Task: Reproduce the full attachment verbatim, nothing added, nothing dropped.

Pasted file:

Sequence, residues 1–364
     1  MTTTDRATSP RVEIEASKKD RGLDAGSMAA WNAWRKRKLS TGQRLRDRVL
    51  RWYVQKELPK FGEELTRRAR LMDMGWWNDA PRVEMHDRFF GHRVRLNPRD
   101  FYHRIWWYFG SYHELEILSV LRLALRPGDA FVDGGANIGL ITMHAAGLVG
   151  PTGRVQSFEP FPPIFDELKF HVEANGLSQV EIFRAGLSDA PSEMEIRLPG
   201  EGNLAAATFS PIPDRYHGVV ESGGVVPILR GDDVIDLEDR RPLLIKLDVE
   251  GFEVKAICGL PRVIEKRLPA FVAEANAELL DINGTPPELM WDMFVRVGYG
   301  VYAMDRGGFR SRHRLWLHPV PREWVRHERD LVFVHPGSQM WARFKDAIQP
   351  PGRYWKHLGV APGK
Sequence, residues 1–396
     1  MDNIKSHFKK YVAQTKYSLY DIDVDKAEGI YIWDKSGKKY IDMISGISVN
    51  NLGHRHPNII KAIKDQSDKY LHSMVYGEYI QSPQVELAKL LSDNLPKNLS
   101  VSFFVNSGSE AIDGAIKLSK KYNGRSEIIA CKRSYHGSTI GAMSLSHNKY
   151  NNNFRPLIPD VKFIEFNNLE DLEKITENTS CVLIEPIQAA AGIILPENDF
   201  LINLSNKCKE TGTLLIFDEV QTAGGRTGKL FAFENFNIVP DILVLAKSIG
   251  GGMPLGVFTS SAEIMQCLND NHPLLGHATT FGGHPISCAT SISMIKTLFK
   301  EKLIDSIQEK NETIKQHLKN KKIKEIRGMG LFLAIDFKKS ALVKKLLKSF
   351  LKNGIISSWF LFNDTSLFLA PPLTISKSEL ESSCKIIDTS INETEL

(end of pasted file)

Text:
Sequence, residues 1–364
     1  MTTTDRATSP RVEIEASKKD RGLDAGSMAA WNAWRKRKLS TGQRLRDRVL
    51  RWYVQKELPK FGEELTRRAR LMDMGWWNDA PRVEMHDRFF GHRVRLNPRD
   101  FYHRIWWYFG SYHELEILSV LRLALRPGDA FVDGGANIGL ITMHAAGLVG
   151  PTGRVQSFEP FPPIFDELKF HVEANGLSQV EIFRAGLSDA PSEMEIRLPG
   201  EGNLAAATFS PIPDRYHGVV ESGGVVPILR GDDVIDLEDR RPLLIKLDVE
   251  GFEVKAICGL PRVIEKRLPA FVAEANAELL DINGTPPELM WDMFVRVGYG
   301  VYAMDRGGFR SRHRLWLHPV PREWVRHERD LVFVHPGSQM WARFKDAIQP
   351  PGRYWKHLGV APGK
Sequence, residues 1–396
     1  MDNIKSHFKK YVAQTKYSLY DIDVDKAEGI YIWDKSGKKY IDMISGISVN
    51  NLGHRHPNII KAIKDQSDKY LHSMVYGEYI QSPQVELAKL LSDNLPKNLS
   101  VSFFVNSGSE AIDGAIKLSK KYNGRSEIIA CKRSYHGSTI GAMSLSHNKY
   151  NNNFRPLIPD VKFIEFNNLE DLEKITENTS CVLIEPIQAA AGIILPENDF
   201  LINLSNKCKE TGTLLIFDEV QTAGGRTGKL FAFENFNIVP DILVLAKSIG
   251  GGMPLGVFTS SAEIMQCLND NHPLLGHATT FGGHPISCAT SISMIKTLFK
   301  EKLIDSIQEK NETIKQHLKN KKIKEIRGMG LFLAIDFKKS ALVKKLLKSF
   351  LKNGIISSWF LFNDTSLFLA PPLTISKSEL ESSCKIIDTS INETEL